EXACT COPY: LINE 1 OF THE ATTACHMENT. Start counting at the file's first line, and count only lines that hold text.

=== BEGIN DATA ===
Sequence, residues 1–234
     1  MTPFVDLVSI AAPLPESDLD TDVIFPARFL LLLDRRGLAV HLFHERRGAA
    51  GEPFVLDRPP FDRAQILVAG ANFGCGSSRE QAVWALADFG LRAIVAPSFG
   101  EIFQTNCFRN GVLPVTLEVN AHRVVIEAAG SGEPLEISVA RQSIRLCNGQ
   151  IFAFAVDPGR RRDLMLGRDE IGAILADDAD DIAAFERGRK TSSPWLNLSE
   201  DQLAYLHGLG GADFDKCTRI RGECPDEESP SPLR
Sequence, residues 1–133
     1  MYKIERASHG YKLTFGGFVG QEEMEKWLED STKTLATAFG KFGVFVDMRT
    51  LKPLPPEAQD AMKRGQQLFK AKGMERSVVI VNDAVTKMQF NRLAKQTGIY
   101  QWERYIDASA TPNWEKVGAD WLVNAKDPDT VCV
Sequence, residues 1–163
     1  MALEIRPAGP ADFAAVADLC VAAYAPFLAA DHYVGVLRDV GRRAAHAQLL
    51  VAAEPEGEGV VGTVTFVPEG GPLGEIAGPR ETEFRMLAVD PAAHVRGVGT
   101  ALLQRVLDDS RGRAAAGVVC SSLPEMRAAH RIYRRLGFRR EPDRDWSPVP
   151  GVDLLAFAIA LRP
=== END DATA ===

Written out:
Sequence, residues 1–234